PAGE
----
The amount of liver fat can now be quantified with HepaFat-Scan. Early detection of steatosis (liver fat) facilitates the early diagnosis and intervention before liver damage may become irreversible.

NAFLD Linked to Diabetes and Liver Cancer:

Steatosis has also been linked to reduced effectiveness of antiviral treatments and has been implicated in the development of type 2 diabetes. Non-alcoholic fatty liver disease (NAFLD) is an independent predictor of type 2 diabetes according to a study presented at the European Association for the Study of the Liver International Liver Congress 2014.

In a retrospective study (3074 subjects) conducted in Japan, people with NAFLD had nearly three times the risk of developing diabetes than people without the condition, according to Hajime Yamazaki, MD, of Teine Keijinkai Hospital in Sapporo, Japan, and colleagues. At the > 10 year follow up, he found that 16.1% of the 728 patients with NAFLD had developed type 2 diabetes, versus only 3.1% of the remaining 2346 NAFLD negative patients. The odds ratio for the NAFLD association was 6.05 (P<0.001). A multivariate analysis adjusted for confounders such as age, sex, BMI, family history of diabetes and dyslipidemia and the odds ratio remained significant at 2.82 (P<0.001). Moreover, improvements in NAFLD reduced the risk of diabetes over about an 11-year follow-up, Yamazaki told an oral session. Ultrasound follow up analysis at >10 years showed that 110 of the 728 subjects with NAFLD had an improvement in their NAFLD and the incidence of type 2 diabetes in this group was 6.4% vs 17.8% in the group with no improvement in NAFLD. Dr Yamazaki stated that “The clinical message is that it is important to reduce fatty liver to prevent diabetes”.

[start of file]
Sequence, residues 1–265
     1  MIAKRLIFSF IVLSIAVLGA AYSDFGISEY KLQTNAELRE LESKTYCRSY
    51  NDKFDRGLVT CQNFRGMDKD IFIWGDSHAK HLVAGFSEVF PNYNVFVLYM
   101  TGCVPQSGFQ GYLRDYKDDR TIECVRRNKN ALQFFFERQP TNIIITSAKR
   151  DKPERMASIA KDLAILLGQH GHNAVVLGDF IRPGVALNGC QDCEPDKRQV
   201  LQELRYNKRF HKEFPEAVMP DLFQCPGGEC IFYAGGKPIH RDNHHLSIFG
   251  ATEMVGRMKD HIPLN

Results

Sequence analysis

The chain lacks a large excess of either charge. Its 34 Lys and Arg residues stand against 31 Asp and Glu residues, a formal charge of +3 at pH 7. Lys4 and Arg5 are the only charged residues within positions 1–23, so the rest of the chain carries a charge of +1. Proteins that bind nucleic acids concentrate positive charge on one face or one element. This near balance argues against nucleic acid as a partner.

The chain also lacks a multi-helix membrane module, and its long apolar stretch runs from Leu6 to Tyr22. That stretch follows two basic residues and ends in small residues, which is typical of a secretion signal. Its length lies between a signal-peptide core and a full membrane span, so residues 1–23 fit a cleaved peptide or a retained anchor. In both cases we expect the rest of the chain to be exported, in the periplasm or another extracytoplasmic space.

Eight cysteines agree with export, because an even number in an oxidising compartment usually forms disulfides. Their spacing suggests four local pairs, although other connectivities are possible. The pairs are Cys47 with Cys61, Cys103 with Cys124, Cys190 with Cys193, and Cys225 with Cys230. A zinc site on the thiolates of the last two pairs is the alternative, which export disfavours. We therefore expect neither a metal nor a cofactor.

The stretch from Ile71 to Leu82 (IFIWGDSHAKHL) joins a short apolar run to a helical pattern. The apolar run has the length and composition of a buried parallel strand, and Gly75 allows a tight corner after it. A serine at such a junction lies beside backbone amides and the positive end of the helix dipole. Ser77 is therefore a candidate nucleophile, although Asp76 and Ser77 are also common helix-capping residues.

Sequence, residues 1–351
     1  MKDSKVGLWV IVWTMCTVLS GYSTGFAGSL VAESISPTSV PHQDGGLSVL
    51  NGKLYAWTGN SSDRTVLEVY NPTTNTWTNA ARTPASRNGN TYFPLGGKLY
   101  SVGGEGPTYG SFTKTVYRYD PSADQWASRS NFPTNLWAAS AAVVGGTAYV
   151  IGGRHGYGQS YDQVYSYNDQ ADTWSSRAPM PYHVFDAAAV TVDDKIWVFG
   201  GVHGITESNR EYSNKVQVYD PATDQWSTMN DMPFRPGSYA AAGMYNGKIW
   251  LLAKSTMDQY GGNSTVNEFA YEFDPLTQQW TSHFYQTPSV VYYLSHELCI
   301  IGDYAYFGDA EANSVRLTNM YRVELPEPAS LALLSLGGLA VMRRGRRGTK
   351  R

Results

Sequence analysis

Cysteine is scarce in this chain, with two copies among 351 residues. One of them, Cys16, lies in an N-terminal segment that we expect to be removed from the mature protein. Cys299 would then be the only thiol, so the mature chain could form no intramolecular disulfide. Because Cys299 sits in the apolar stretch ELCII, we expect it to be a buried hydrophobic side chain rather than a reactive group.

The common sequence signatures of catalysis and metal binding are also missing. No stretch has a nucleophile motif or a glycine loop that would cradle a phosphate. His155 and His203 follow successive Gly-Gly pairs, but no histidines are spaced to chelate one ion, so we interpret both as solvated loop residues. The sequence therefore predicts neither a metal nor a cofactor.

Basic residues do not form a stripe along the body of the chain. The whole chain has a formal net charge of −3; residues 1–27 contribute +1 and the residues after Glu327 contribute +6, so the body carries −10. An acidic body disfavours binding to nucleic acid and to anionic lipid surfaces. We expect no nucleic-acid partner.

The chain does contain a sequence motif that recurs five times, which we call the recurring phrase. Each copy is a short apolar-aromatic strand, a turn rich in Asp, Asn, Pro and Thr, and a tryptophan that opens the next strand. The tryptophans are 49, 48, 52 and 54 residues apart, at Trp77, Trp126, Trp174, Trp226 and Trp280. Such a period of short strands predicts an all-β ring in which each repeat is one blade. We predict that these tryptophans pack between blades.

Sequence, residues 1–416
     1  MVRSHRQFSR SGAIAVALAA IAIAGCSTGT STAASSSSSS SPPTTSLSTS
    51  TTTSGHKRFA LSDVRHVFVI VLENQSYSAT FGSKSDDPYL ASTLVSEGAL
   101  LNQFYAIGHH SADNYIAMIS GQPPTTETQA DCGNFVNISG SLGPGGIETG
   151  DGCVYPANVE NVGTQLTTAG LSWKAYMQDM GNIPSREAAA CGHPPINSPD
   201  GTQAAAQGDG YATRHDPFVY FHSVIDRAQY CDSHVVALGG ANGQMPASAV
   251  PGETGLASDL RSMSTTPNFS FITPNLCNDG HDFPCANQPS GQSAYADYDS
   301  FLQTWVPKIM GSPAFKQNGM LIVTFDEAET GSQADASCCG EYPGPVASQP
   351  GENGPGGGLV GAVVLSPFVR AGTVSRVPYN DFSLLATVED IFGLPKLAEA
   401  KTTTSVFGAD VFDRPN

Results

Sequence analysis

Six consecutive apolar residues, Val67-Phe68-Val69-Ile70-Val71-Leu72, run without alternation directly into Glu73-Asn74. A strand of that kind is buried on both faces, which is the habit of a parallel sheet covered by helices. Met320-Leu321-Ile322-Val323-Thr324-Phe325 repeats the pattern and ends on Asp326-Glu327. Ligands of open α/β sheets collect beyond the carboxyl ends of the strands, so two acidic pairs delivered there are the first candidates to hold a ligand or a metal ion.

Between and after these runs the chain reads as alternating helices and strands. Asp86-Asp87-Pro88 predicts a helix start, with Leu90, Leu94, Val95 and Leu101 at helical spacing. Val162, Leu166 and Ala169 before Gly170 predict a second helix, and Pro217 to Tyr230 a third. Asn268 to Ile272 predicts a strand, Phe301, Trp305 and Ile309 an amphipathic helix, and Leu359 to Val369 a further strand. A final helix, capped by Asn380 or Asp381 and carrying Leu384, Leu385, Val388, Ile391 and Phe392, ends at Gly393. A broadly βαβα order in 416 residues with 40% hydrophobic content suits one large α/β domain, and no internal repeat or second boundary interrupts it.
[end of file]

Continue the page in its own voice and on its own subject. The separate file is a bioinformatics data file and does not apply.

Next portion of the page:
Recent research suggests a strong association between hepatic steatosis and hepatocellular carcinoma (HCC) in the absence of cirrhosis, indicating that steatosis may be a causative factor for HCC.